45. 45. Match drives, folders to buckets  Link retention periods to largest element – Drives  Folder – Subfolders by date  Work with IT for back up, disposal
  46. 46. E. E-mail Management  What are the concerns about this format?  What are the biggest challenges?  What are some of the solutions currently in play? – Size limitations on mailbox – Print and file
  47. 47. E-mail Filing Responsibilities  Set up message directories the same as electronic directories (apply the same retention)  Establish protocol, e.g. – Author saves e-mails sent internally  Originating author saves threaded message – Recipient saves e-mails received from external sources – First recipient of multiple recipients saves message – Workgroups should designate e-mail gatekeeper to save and file
  48. 48. E-mail retention procedures  Separate transitory from substantive  Date or time limit (90 days) to force decision  Approved processes for deleting transitory  Duplicates  Facilitative,such as bookings, scheduling  Copies for information only  Threaded messages when the final is the complete message  Personal messages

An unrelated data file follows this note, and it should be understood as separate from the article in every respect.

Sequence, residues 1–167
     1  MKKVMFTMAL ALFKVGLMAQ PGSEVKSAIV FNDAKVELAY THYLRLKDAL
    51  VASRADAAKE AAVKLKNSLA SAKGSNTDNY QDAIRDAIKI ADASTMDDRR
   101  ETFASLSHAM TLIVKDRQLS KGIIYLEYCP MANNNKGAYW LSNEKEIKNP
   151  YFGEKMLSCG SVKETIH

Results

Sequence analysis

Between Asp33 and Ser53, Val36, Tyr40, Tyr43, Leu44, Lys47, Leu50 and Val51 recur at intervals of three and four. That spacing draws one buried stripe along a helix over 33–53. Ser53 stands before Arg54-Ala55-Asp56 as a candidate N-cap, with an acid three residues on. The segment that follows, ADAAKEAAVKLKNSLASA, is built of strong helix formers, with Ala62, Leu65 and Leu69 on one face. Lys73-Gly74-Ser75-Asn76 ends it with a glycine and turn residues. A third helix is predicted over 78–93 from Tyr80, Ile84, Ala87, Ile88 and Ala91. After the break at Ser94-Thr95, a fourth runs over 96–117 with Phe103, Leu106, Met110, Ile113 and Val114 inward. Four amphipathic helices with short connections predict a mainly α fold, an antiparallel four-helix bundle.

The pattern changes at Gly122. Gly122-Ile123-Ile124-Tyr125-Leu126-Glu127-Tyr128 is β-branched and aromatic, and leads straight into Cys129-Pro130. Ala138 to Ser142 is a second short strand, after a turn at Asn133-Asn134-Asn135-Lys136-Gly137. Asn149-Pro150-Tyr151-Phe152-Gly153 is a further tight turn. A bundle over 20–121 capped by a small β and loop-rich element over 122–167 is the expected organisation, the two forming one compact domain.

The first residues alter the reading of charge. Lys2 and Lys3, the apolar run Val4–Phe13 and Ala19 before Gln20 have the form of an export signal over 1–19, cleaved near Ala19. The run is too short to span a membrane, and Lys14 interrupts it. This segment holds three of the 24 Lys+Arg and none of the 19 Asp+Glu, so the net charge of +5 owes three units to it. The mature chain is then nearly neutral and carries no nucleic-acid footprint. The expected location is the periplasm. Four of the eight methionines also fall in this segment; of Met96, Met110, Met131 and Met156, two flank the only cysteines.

49. 49. Procedures for other Electronic Formats  Scanning  Digital photographs  Graphic applications, e.g. drawing, mapping  Records in databases  Web content  Instant messaging, etc. Deal with as you have time, and there is benefit
  50. 50. Scanning  Conversion of paper to digital form  Justification  Method  Reliability and integrity of digital form  “best evidence”  Adherence to standards
  51. 51. 4. Implementation and Change Management  Pilot and user groups – Team leaders  Desk top support – Cheat sheets – KISS
  52. 52. 5. Return on Investment?  Legal context - risk avoidance – Demonstration of expert control  ITcontext – network/resources optimization  Business owners – – information access, ease of use
  53. 53. Thank you Alexandra (Sandie) Bradley, CRM Harwood Information Associates Limited 1236 Fulton Avenue West Vancouver BC V7T 1N6 harwoodinfo@telus.net